The source added that the agency leans towards awarding subsidiary protection over refugee status because of the fact that subsidiary protection can be more easily revoked and entitles its holder to less rights than refugee status would.
While both status classifications entitle the holder to state healthcare, only refugee status entitles the holder to benefit from free healthcare. Someone who is recognised as a refugee can also apply for the right to reunite with their family, whereas someone with subsidiary protection is not be able to do so.
An unemployed refugee is also entitled to employment advisory services and training through JobsPlus, a right that is not extended to those granted subsidiary protection. A key concern flagged in the protests in Valletta was also the fact that neither status classification grants the holders’ children automatic Maltese identity if they are born on the island.
The Shift has sent questions to the IPA about its rate of staff turnover over the past three years, the amount of people awarded refugee status compared to the amount of people awarded subsidiary protection over the past year, and whether the agency prioritises deportations over successful applications.
The questions were redirected to the home affairs ministry. No response was received by the time this article was published.
‘People end up traumatised’
The source, describing the IPA as a “gatekeepers’ institution,” maintained that the agency’s overall approach was a far cry from being based on fairly sorting out who has the right to stay from who does not.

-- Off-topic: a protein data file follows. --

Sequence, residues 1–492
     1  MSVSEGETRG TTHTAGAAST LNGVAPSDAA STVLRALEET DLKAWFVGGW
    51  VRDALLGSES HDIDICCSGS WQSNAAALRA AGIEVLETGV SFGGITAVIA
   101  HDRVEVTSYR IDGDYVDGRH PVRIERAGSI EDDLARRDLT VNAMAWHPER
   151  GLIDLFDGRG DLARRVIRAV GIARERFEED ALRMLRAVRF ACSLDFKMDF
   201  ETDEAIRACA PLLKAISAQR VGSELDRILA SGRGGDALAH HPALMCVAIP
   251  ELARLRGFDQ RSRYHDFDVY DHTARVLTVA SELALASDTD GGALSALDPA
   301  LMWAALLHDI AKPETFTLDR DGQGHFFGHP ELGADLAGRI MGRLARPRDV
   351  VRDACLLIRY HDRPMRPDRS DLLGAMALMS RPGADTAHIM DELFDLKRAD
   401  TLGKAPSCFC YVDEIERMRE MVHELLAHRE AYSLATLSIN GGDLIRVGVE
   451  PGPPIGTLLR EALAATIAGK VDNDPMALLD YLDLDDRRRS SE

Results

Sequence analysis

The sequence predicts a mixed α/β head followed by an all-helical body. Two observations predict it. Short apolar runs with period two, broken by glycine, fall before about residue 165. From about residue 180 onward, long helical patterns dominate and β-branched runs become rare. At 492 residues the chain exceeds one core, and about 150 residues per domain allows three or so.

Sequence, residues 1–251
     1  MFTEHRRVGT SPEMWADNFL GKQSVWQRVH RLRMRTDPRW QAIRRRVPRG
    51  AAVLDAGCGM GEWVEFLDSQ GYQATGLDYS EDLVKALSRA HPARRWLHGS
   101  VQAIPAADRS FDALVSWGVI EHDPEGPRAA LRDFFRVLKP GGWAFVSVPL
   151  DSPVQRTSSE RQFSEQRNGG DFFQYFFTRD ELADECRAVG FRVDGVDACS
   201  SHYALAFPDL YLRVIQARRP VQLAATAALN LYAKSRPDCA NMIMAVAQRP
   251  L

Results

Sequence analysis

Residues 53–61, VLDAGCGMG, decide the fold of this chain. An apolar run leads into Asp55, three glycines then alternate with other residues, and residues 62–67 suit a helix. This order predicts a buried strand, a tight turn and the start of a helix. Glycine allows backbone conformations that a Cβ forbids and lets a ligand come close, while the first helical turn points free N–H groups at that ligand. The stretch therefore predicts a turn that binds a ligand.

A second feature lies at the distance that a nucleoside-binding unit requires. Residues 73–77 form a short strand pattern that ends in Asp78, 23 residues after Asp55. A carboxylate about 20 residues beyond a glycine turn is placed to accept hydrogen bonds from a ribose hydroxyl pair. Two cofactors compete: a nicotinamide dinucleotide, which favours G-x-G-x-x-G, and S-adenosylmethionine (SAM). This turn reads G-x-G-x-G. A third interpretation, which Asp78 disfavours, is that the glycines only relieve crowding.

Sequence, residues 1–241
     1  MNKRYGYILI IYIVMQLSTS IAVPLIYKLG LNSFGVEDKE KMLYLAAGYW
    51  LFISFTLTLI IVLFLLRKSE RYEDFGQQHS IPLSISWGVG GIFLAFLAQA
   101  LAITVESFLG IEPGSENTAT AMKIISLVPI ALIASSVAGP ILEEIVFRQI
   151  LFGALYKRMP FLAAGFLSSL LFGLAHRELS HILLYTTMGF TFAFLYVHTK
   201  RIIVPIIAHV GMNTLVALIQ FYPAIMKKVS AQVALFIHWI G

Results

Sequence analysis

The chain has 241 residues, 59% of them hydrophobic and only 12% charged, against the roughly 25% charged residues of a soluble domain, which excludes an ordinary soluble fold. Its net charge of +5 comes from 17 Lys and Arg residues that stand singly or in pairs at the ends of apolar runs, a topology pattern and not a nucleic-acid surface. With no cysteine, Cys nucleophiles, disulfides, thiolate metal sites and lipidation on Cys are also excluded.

“There is a deep-rooted ignorance and lack of understanding when it comes to processing these applications. Huge assumptions are made when dealing with applicants and there is a negative bias towards them from the beginning,” the source stated.
“The process needs to be quicker because it would benefit everyone if it was. Another major problem is the verbal and sometimes physical abusiveness of staff in the detention services system – the system doesn’t care about these abuses and nothing is ever done to fix it,” they added.
When describing the high rate of staff turnover at the IPA, the source argued that the general atmosphere of the working environment meant that “if your superiors see you trying to be friendly towards an asylum seeker or even just doing your job and sticking to the laws, they try to break it out of you”.
“Because of this, many people go into this job wanting to help people, however they end up being traumatised. I know colleagues who had to go to psychologists and psychiatrists for support because it was too much to handle,” the source stated.
“EASO has already had to take over a large chunk of Malta’s operations: EASO staff took over most services including the reception, the checking of passports, even the asylum determination process and Registration of new asylum seekers,” they added, referring to the fact that the European Asylum Support Office (EASO) has had to step up its local presence to keep the operations going.
Questions have also been sent to the EASO to determine on what grounds its support was necessary for the operations. The EASO’s answers indicate that help was requested from the Maltese authorities, with an annual operating plan being updated and uploaded to its site every year since 2019.
Referring to the detention services system which asylum seekers depend on throughout their application process, the source maintained that the poor living conditions repeatedly flagged by migrants in these centres further proves the government’s lack of interest in maintaining a functional system.